Streetsblog’s 2014 Parking Madness challenge, documenting the ways in which American cities have sacrificed the vitality and financial viability of their downtowns to the gods of Suburbanites Driving In, concluded recently with Rochester, NY being named grand champion. That got me to thinking about one of the more remarkable aspects of my own Upstate city, Albany–that its biggest parking crater (the name given by urbanists to formerly vibrant urban landscapes eviscerated by the unquenchable desire for parking) isn’t downtown.
Oh, Downtown Albany has a parking crater alright, and it’s a doozy:
The roughly triangular building at the lower right hand side of the crater is the city’s armpit, its depressing Greyhound station. I-787 runs along the eastern edge of the picture, and the ill-fated and entirely unnecessary South Mall Arterial runs across the lower part of the picture. The landscape may be bleak, but at least some of this land is slated to become part of Albany’s new convention center (a, shall we say, interesting project in its own right). And sadly, downtown parking craters are part of American life, for now at least.
One parking crater, though, isn’t enough for Albany. A couple of miles away from downtown, in an area labeled on city maps as “University Heights,” the land around a number of medical and educational institutions has been turned into a vast sea of concrete and metal whose scale can only be appreciated by zooming out:
Unlike the typical downtown parking crater, to the best of my ability to tell this one never wiped out a gridded streetscape. Owned by Albany Medical Center, Albany Law School, the state and federal governments (there’s a VA hospital and at least one state agency building), Sage College, and various other institutions, as far as I know the land simply remained unoccupied as the city developed around it until the various institutions were built in their present forms from the 1950s onwards. Via @albanymuskrat, the area once looked like this:
The city’s institutional land-ownership map provides a sense of the complexity of ownership in the area:
Though a coherent region within the city, the area is owned by a variety of nonprofit institutions with little responsibility to the city itself. Albany Medical Center, the only Tier 1 trauma center between New York City and Montreal (Albany has a lot of “The only X between New York and Montreal”), is the dominant institution, and it brings hordes of drivers from the suburbs onto city streets every day. AMC’s property holdings have also advanced into the city fabric, resulting in an old-style urban renewal plan for several square blocks of the Park South neighborhood just to the north. Yes, we’re talking “rip out dozens of old buildings and replace with new ones, including a huge garage.” I mean, ok, the proposed buildings look kinda New Urbanist, but I thought we weren’t doing that kind of shit anymore.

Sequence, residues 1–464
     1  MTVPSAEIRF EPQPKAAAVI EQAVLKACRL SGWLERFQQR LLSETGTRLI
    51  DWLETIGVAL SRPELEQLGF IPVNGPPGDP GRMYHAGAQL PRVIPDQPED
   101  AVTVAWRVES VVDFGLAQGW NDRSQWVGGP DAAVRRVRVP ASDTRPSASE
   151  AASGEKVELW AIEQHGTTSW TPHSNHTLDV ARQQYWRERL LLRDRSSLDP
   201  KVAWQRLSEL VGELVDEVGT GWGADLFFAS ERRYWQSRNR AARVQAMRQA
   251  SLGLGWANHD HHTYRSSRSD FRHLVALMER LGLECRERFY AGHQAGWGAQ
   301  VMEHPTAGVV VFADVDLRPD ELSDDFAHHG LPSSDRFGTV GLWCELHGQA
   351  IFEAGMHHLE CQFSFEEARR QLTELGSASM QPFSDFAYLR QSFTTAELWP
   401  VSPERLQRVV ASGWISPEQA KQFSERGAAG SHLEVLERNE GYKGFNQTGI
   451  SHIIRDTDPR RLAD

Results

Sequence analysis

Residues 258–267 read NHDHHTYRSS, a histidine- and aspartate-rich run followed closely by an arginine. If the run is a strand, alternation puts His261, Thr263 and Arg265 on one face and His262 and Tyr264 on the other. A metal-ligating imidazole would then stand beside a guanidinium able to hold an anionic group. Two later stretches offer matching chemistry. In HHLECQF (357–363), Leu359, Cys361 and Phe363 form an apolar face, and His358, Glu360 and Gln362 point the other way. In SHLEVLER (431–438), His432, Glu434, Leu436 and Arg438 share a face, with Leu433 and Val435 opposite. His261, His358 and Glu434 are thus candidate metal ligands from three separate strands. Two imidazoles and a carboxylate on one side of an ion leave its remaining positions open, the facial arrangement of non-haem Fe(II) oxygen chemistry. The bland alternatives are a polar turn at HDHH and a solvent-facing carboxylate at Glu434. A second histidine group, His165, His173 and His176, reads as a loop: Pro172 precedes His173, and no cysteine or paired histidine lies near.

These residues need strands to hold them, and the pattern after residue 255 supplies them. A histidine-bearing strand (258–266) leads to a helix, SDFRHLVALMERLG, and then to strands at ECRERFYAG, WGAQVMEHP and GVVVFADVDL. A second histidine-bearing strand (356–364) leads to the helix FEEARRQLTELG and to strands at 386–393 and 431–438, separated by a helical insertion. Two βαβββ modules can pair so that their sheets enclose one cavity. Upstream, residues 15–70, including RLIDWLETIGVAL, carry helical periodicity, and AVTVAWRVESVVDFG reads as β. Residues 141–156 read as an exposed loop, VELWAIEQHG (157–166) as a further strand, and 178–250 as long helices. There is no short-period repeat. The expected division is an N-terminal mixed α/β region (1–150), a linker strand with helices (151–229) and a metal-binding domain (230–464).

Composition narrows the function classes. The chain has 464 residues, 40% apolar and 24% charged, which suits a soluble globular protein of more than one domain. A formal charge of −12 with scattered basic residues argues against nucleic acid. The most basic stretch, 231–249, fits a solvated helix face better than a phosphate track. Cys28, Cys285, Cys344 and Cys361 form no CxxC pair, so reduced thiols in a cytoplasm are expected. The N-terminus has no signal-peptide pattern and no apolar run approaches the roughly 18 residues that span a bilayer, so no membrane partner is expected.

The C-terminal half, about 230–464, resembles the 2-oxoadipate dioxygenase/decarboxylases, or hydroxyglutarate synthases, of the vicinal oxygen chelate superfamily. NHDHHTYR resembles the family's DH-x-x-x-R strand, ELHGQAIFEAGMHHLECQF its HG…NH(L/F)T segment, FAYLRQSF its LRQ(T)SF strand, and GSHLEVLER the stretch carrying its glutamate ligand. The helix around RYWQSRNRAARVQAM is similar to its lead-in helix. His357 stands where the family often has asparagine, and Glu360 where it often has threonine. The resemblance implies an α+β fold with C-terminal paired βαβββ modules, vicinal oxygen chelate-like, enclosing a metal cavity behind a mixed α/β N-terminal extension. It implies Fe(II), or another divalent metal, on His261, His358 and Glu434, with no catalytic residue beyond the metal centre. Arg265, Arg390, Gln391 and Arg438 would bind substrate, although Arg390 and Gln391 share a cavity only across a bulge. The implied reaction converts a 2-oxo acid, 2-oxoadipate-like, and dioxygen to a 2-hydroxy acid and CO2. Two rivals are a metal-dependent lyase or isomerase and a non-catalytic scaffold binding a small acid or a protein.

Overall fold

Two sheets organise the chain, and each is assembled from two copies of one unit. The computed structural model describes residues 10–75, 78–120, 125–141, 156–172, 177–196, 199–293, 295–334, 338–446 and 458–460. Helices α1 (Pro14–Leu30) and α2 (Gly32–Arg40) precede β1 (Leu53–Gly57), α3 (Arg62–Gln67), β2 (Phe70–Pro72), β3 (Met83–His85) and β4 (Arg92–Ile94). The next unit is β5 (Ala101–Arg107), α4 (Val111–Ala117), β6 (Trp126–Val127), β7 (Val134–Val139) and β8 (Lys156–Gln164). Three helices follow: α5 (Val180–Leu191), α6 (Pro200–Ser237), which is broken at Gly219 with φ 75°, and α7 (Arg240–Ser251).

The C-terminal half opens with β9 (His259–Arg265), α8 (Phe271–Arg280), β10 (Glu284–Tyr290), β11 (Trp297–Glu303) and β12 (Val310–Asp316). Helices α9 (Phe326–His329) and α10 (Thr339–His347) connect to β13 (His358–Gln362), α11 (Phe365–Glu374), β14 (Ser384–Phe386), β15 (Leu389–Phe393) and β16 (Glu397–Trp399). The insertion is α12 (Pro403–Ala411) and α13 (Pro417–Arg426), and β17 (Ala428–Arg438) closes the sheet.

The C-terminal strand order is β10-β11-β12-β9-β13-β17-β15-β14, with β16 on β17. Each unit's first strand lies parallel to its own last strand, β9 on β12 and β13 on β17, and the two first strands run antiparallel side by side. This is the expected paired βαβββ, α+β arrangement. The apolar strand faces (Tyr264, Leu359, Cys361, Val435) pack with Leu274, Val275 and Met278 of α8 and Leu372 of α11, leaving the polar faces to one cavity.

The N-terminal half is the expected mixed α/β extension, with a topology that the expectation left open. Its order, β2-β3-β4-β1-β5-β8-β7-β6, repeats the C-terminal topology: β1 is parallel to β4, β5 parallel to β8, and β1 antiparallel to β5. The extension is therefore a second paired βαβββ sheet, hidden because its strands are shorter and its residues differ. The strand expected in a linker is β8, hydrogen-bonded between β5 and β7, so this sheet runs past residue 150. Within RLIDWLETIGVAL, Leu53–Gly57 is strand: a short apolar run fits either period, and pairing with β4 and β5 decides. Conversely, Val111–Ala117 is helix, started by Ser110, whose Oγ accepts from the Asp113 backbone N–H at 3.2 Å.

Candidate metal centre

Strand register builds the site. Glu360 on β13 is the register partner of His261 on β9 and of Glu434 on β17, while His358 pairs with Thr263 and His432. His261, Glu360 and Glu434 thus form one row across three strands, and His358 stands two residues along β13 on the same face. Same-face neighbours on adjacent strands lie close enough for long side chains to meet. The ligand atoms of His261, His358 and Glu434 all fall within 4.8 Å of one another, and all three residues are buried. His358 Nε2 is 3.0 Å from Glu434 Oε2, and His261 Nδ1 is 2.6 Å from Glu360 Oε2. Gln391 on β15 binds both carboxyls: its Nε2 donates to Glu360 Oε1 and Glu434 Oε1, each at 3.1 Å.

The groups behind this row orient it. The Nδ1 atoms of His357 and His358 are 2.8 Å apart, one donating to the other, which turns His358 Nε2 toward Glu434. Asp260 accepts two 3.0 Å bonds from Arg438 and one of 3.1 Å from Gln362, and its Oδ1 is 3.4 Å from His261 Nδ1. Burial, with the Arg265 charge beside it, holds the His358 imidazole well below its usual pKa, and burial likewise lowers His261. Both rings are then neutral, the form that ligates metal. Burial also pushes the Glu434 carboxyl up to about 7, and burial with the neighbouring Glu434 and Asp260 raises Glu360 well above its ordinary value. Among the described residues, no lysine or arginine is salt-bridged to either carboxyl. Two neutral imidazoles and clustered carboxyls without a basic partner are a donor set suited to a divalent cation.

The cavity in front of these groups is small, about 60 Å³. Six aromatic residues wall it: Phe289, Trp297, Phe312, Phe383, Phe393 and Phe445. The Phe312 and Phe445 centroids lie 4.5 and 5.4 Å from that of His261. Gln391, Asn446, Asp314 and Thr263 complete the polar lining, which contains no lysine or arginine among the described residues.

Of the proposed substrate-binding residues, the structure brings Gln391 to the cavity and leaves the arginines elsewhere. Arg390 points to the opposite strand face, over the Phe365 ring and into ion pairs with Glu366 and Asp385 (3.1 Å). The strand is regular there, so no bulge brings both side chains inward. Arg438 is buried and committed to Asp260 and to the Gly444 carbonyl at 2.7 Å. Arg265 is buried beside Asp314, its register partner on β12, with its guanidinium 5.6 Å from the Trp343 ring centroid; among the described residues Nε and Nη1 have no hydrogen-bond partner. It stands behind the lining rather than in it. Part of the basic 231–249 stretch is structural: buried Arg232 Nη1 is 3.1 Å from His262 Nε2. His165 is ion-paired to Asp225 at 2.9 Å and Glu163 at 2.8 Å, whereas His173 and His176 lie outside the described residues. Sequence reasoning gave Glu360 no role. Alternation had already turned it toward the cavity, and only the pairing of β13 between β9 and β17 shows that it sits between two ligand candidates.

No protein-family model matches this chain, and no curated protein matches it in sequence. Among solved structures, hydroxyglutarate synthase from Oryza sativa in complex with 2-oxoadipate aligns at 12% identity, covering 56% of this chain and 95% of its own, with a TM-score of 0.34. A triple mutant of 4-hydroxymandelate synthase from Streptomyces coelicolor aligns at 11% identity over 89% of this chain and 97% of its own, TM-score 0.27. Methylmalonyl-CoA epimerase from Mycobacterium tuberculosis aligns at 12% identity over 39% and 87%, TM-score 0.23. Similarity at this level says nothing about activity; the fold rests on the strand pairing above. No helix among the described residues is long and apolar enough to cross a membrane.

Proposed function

What makes the Park South project even more galling is the presence of so much other essentially empty land around AMC and its sister institutions. If anyone were able to unite land-use planning for all of the parcels now used as parking, AMC could avoid ripping out old buildings in Park South and share with the other institutions an enormous parking structure (if it’s even needed!) that’s nowhere near residential areas. Instead, it appears that the city has declined to force the various institutions in the area to cooperate, and instead allowed institutionally individualized, and therefore wasteful, land-use plans to go into action.
But let’s think bigger than that. Imagine if instead of being a single-use, dead-at-night parking wasteland, this area around some of Albany’s most vital and vibrant institutions could be transformed into a mixed-use real neighborhood? The opportunity exists. Let’s introduce a street grid into the area. Let’s turn some of those parking lots into apartments and condos, so that the doctors and nurses and support workers who work at AMC can roll out of bed and stroll to work and don’t clog city streets with their cars. Let’s make a real, productive, neighborhood, with taxpaying businesses and citizens, in a city that desperately needs it. Let’s integrate the institutions of University Heights into the neighborhood framework around it, as Pittsburgh has managed to do even as the University of Pittsburgh Medical Center became the region’s dominant economic force:
Albany doesn’t need any parking craters. It certainly doesn’t need two. We can do better.